A Man of Enthusiasms: On Ben Sonnenberg
In fiction and nonfiction, Ben gave his writers room to stretch, to divagate and take risks. It was for Ben that Christopher Hitchens reflected on his family and the discovery that his grandmother was Jewish; for Ben that Alexander Cockburn revealed his tenderer aspect in a touching memoir about visiting his old school, complete with digressions on fatherhood, Anglo-Irish attitudes and the ablative absolute. Such assignments could nudge careers from their accustomed tack. The philosopher Arthur Danto says that Ben definitively changed his life by inviting him to write for Grand Street and introducing him to Elizabeth Pochoda at The Nation: "I certainly would never have become an art critic but for him."
Through it all ran a distinct and powerful red thread. Beyond his affection for Adorno and Benjamin, beyond his distaste for and recoil from life in Gramercy Park ("I became a Socialist," he writes, "in objection to my father"), the source of Ben's political affinities remains somewhat obscure. His sensibility was too fine-grained for public concerns to drive it; political views are also a way of claiming or accounting for one's position in the world. In Lost Property he describes a recurring anxiety about his allegiances. As a young man he worried about whether he could be seen as a Serious Person:
My own notion of such a person came first from Silone and Sartre, then from Gramsci and Fanon; and I knew that I wasn't serious because (a) I wasn't wretched, poor or oppressed, (b) I couldn't work with a group, (c) I liked mischief and (d) I was drawn "fatally," as I put it, to women.
When Irene Papas asked him if he was "an Amerrican" and warned that she was a communist, Ben assured her that he was a communist, too: "But if she'd said she was a Royalist, I'd have said I was one of those."
It was in part Ben's love for Greece and Greeks (a central theme of our friendship) that gave his rebelliousness a local habitation. Papas and Volanakis engaged him in the struggle against the Colonels' dictatorship, supported by the CIA, in the late 1960s: "I felt more attached to that cause than to any in America. 'That Greece might still be free!'" That it had also been Byron's cause didn't hurt; nor did the way the Greeks went about such things, or the fact that it was, in America, a minority concern. (Ben loathed mass protest and the American student movement. His old friend Michael Train remembers him asking Bill Merwin with disgust, "Did you get anything out of the '60s?") But after the dictatorship ended, Ben kept serious faith with my beleaguered country. He regularly published essays on Greek writers and translations of their work (including James Merrill's versions of Cavafy's poems and prose), much of it previously unknown to English-speaking readers.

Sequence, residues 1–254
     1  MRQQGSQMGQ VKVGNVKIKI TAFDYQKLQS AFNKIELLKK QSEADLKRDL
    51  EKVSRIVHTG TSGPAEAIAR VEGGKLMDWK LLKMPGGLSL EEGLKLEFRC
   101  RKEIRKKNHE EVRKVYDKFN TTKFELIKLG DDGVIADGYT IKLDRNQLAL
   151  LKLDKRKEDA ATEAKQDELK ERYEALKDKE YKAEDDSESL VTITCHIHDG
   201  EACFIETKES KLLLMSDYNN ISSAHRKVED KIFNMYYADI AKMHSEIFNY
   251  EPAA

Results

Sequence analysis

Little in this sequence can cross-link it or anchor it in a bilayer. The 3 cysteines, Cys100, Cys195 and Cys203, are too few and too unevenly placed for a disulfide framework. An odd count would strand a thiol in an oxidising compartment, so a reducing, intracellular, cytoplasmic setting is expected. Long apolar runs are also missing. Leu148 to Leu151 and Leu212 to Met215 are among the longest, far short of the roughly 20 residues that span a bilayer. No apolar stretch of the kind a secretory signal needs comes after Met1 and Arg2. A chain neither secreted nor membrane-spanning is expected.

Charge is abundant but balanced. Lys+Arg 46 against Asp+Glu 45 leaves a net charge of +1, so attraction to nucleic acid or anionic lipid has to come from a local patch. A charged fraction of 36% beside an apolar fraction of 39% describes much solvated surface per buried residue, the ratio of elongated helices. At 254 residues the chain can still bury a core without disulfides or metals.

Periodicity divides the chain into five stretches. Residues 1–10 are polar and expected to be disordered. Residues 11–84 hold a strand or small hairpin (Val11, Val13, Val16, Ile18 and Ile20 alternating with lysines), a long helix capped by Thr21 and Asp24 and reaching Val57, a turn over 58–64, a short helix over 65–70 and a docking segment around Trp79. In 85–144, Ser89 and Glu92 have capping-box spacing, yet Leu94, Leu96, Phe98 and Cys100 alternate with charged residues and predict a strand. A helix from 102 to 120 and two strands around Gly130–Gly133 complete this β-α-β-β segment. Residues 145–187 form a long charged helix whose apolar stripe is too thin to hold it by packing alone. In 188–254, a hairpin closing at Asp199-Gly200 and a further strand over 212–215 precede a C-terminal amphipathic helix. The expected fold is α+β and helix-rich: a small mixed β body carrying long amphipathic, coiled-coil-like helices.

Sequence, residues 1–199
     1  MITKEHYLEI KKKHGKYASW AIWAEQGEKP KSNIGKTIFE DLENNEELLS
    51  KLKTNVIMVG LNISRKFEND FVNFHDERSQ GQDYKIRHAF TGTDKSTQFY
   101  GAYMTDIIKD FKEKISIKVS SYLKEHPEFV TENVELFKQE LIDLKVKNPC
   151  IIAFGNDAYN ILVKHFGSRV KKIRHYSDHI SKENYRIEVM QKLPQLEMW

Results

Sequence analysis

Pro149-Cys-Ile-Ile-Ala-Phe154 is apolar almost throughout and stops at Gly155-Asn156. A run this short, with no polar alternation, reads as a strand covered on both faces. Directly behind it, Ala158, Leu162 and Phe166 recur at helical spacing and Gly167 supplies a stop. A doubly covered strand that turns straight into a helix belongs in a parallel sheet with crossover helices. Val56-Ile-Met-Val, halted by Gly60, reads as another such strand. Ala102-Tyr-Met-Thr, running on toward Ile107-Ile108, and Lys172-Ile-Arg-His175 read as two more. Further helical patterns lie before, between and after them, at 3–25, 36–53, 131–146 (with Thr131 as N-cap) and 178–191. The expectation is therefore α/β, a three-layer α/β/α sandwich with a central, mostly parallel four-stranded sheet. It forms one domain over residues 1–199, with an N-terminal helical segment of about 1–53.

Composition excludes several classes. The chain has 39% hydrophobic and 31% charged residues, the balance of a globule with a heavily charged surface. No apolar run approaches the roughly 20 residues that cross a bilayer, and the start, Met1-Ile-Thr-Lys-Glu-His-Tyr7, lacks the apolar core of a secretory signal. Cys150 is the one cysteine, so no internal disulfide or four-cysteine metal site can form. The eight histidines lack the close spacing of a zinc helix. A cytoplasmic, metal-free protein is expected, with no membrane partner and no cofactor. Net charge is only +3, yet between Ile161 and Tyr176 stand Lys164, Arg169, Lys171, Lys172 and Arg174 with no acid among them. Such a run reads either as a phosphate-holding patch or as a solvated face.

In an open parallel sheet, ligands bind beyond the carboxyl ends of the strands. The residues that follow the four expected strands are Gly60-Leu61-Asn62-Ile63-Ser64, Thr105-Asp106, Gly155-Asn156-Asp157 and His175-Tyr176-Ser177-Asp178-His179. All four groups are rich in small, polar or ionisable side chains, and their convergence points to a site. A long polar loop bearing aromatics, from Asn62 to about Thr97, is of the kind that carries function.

Later, partly because of his connection with The Nation, Ben was drawn into the circles of New York's intellectual left. Through Hitchens and Cockburn he met Edward Said, whom he loved fiercely and to whom he spoke on the telephone almost every day, about politics, about literature, about music, about tweeds. But his political sympathies were not the mere result of influence and chance. They were rooted, I think, in his immense capacity to delight in other people, his intolerance for bullshit, his sense that all received ideas are debased and therefore false, his bred-in-the-bone enthusiasm for making all kinds of trouble.
There was also, of course, his illness, which was both the first and the last thing one noticed about Ben. Struck by his immobility, one forgot it instantly. He rarely spoke or wrote about it (Dorothy did, in her memoir Strangers in the House, with the unsparing lightness that Ben so admired), but it colored his life more deeply than the temporarily well can even begin to imagine. "If a fly landed on his nose there was nothing he could do about it," Michael Train wrote to me. It should have been obvious, but it never occurred to me; nor did the million other things that slowly became impossible. When he could no longer turn pages, friends came to read to him. Richard Howard was one; they began with Byron's Don Juan, in its entirety, over a long series of Sunday afternoons. "Well, that was a real education," Ben said when they were done.
As time went on Ben seemed to have more and more sympathy with those of us who weren't famous, who remained irrevocably trammeled by the ordinary. He understood and was drawn to the qualities that hold people back: diffidence, doubt, an excess of negative capability. Ben, though, was extraordinary. To take his father's money and give it away, not hoard it as a secret source of self-esteem; to turn it to living use, not as philanthropy but in a way that implicated the deepest part of himself; to risk it for connection and mutual transformation; to break out of his father's house—all that would have taken rare courage, talent and recklessness even without the paralysis that was turning him to stone as he breathed life into the statues. At Grand Street's core was a profound and fruitful tension: it represented a revolt against good taste by true discernment and delight. As such it could not be didactic, or tendentious, or ingratiating. (What a strain it must have been for Ben, who wanted so much, I realize now, to be admired and loved, to be too proud to be ingratiating.) That was the source of its energy and its mysterious aloofness, its refusal to define itself and its originality. Like all great magazines, it was ephemeral; Ben knew when it was time to let it go.